Este documento ofrece recomendaciones para superar los desafíos que entrañan las políticas y prácticas actuales en Tailandia, de modo que el sistema de tratamiento de drogas pueda generar mejores resultados de salud y derechos humanos para las personas que consumen drogas y dependientes de ellas. Más información, en inglés, está disponible abajo
By Pascal Tanguay (LEAHN — Law Enforcement and HIV Network) and Verapun Ngamee (Ozone Foundation)
In 2016, the Kingdom of Thailand formally decided to re-allocate responsibility for drug dependence treatment from the Ministry of Justice (MOJ) to the Ministry of Public Health (MOPH) by the end of 2018. The reforms are designed to increase voluntary access to client-centred drug dependence treatment where the MOPH will be expected to develop guidelines, operati ng standards and monitoring and evaluati on indicators to assess performance. Although Thailand’s drug treatment system has raised significant concerns over the past 15 years, this change is intended by the Government to indicate a shift in the overall approach to drug use and dependence to one based on health and human rights.
For the transition from public security to public health management of drug dependence treatment to generate positive results, the MOPH will require significant support to ensure adequate capacity to deliver drug treatment services that accord with scientific and international standards. Challenges to an effective transition lie in two key areas:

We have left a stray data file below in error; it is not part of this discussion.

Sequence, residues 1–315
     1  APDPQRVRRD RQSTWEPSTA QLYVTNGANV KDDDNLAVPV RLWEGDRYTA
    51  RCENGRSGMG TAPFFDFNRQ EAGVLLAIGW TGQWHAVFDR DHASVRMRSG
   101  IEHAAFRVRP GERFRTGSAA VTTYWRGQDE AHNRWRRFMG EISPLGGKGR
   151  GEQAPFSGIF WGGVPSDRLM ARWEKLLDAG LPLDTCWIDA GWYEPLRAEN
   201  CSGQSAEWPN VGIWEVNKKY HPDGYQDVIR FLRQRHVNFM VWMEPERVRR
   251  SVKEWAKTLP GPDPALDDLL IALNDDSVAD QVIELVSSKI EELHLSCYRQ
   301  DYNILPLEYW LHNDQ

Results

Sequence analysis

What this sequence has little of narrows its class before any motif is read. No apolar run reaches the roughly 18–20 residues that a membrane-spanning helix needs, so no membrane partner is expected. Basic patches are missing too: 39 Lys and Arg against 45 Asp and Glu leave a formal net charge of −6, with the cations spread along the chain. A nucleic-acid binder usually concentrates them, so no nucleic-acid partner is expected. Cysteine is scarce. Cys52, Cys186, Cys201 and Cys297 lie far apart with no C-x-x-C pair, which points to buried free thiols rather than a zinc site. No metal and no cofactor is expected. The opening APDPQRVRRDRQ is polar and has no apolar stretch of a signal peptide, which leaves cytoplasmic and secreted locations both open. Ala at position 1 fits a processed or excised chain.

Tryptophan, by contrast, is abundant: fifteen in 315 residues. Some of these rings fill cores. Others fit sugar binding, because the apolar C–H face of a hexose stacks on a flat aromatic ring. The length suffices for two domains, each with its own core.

1. The objectives and guiding principles for a national drug treatment system based on principles of health and human rights are yet to be established, and need to be improved and aligned with international guidelines and good practices in order to generate better health outcomes for people who are dependent on drugs.
2. Diversion of people caught using drugs to drug treatment will still be managed and coordinated under the 2002 Narcotic Addict Rehabilitation Act, which retains punitive and coercive elements such as forced urine testing by law enforcement officers.
This paper offers a brief analysis of these two challenges in light of current policies and practices, along with recommendations for overcoming them to ensure the implementation of a drug treatment system that can result in improved health and human rights outcomes for people who use drugs and people dependant on drugs.